Audi has stuck with the same DNA for its third-generation A3, with more traditional hatchback styling that is an evolutionary – rather than revolutionary – update on the previous model’s design.
Chances are you’d need to be an existing owner before you’d be likely to spot the differences between old and new. But make no mistake: the differences are real and, for the dynamically underachieving A3, game changing.
In fact all has changed – there’s a new platform and every engine is either new or substantially renewed. It’s this change without appearing to change that Audi hopes will provide the right blend of technical improvement with design reassurance to keep the new A3 on top throughout its third generation.
In the meantime, materials research within Audi has allowed for weight savings of at least 80kg versus equivalent second generation A3 models.
The hood and front fender panels are formed in aluminum now, and the aluminum-steel Audi Space Frame chassis approach has been utilized on the new compact as well.
It all sounds good. But Audi is also bragging about the A3’s newfound sportier handling together with more refined cabin experience.
Over it, Audi has draped a shape so utterly familiar you can park a new Audi A3 next to the old and not only struggle to tell one from the other but, once your eyes have picked out the myriad differences, still not be entirely sure which is the new car.
Inside the A3, Audi has minimalized the dash area into a very tasteful arrangement. Front seats are plush and roomy. There is good adjustability to the driving position and enough cubbyholes for smaller items, including twin cupholders below the dash. In the rear, the seats are comfortable, with plenty of headroom. The design is simple, but the materials and the quality of construction are revelatory.
I really like the way Audi designers have carefully placed metal finishes, including the quad circular air vents that elegantly twist to open or close the flow. The vision is good, and the A3 lives up to its prestige premise from an occupant perspective.
Over the courses of the week test drive, I lived well with this new environment. From the simple, two-dial instrument binnacle, to the sliver of heater controls down on the center console, only what you need is displayed, with other functions hidden in the Audi Multimedia interface.
One of the key highlights, and a first in this class, is the optional Multi Media Interface [MMI] that integrates Audi’s unique finger-spelling surface right onto the MMI’s rotary controller knob. Thus arranged, I found myself finally using the system full-time, and it works great. The tactile authenticity is gorgeous; everything feels exactly as it looks.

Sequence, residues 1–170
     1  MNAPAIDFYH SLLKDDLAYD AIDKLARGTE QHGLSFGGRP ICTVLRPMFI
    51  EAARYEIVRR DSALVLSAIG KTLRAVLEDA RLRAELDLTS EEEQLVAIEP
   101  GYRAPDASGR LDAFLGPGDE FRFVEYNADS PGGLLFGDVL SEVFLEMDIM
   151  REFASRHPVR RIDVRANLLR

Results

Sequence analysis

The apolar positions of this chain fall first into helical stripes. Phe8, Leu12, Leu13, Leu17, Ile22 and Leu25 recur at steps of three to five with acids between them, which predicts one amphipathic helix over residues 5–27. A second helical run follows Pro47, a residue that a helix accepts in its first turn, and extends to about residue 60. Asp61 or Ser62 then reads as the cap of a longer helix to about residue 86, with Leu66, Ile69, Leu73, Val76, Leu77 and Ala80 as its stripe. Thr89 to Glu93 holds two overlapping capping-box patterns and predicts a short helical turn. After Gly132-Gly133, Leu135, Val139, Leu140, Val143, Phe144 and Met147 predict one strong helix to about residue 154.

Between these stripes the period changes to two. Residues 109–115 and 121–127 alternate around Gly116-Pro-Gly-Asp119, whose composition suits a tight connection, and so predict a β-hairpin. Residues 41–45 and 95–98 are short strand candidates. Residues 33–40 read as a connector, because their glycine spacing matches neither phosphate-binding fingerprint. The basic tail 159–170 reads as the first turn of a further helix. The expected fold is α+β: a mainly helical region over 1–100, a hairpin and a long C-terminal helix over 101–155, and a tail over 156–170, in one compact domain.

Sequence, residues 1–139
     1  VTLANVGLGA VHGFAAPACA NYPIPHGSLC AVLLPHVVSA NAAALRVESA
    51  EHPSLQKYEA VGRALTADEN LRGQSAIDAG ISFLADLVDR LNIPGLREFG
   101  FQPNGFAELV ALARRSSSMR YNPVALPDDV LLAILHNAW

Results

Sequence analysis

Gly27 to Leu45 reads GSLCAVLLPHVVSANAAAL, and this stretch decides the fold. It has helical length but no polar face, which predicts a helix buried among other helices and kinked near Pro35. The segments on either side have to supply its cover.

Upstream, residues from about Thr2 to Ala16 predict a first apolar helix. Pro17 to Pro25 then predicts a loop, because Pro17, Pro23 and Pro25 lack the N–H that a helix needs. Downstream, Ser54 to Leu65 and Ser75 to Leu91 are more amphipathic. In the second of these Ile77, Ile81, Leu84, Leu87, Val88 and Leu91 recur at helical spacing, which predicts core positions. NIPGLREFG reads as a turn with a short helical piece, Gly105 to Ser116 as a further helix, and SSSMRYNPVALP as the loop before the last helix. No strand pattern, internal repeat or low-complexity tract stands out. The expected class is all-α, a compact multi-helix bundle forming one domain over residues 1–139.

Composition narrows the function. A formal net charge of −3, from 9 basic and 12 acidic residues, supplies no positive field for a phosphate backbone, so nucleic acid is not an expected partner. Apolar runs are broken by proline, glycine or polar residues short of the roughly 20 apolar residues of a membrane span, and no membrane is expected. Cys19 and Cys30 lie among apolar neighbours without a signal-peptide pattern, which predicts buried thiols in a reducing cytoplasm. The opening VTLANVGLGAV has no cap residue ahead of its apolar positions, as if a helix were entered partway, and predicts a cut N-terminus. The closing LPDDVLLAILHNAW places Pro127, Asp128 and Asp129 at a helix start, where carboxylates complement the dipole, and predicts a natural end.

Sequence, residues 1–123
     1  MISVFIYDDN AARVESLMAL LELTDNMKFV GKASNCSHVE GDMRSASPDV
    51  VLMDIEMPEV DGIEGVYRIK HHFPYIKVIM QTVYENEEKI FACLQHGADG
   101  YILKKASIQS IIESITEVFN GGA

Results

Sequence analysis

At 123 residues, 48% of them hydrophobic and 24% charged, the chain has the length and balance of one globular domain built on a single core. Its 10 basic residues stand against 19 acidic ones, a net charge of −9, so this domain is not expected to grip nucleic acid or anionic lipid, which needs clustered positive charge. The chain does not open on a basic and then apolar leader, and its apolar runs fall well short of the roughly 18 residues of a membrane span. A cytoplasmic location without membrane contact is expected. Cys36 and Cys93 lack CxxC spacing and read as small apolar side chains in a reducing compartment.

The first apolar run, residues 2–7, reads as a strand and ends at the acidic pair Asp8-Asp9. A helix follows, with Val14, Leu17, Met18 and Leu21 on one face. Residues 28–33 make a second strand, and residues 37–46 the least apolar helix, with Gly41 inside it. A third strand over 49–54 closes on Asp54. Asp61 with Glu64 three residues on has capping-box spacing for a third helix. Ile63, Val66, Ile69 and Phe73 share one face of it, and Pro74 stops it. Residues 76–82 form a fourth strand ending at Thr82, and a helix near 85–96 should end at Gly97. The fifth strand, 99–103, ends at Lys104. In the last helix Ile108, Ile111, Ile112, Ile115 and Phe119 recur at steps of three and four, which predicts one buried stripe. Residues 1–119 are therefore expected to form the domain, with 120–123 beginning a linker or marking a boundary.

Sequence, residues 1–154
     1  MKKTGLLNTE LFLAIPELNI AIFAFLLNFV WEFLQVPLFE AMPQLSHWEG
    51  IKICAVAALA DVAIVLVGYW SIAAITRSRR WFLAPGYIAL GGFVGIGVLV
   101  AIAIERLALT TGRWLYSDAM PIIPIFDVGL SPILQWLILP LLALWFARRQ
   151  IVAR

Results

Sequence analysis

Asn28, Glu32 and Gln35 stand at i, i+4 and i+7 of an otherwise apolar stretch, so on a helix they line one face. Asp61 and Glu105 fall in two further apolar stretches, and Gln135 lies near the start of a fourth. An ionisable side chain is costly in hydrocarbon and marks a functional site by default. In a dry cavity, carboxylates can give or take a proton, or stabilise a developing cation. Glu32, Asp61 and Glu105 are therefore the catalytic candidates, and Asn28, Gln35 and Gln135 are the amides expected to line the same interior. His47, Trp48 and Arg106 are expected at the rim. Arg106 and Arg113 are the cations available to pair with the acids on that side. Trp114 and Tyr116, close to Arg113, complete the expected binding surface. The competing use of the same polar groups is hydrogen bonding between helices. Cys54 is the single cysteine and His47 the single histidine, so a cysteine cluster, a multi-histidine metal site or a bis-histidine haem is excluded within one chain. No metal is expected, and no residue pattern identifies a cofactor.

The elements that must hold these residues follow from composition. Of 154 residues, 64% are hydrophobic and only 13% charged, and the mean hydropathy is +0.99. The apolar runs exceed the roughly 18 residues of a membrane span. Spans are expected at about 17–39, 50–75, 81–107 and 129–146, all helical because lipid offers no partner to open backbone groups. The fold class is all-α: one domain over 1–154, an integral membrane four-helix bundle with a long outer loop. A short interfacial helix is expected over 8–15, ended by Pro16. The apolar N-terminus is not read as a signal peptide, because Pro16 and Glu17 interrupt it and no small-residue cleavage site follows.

Another key profit center for the A3 is the company’s new Audi Connect system, a subscription service that essentially allows the car to satisfy your every smartphone need. And, for better or worse, you can have a wireless hotspot on four wheels with an eight-device connective capacity, so you can never ever have quiet time again.
The Audi A3 is remarkably practical for a compact hatchback, and the size of the boot is an excellent measure of this. The Audi A3 boot space is a roomy 365 litres and 1,100 with both back seats folded flat. You can also get a five-door A3 Sportback as well, which adds an extra couple of rear doors and an even larger boot.
The 1.4-litre TFSI and 1.8-litre TFSI petrol engines are very strong performers, offering plenty of flexibility, excellent throttle response and consistent power delivery. The 1.8-litre offers up a claimed 7.1sec 0-100km/h time, while the 1.4 covers that measurement in 9.3sec. The 1.2-litre TFSI needs to be worked much harder, and clocks in with a 10.3sec 0-100km/h time.
All the engines have a standard six-speed manual transmission, though a six-speed dual-clutch automatic transmission is optional. Both transmissions are satisfaying , and they shift gears smoothly. The A3’s performance is characterized by sharp handling and comfortable ride quality.
If you have the choice and can afford it, the 2.0-litre TDI motor is by far for me the best engine available for the Audi A3 but all the petrol engines are smooth and sweet.
The ride is good with great damping control, which absorbs and isolates broken road edges. Driving the A3 fast is at best a mildly pleasurable and only fleetingly diverting experience. As well as feeling light and user-friendly around town, this car quickly asserts itself as a competent machine on a winding road. The lightweight body brings an inherent agility that helps point the nose assertively in corners, while taut suspension contains body movement over bumps. It’s no limousine in its ride, but it’s comfortable enough.
There’s also a smattering of extra gear : seven airbags (dual front, front side, side curtain and a driver’s knee airbag), a colour control screen that pops out of the dash, alloy wheels, rear parking sensors, dual-zone airconditioning , real leather seats.
Honestly, the latest A3 is a clear improvement on the previous one and brings genuine fuel-efficiency advantages. This car is much better even than that it could and perhaps should have been.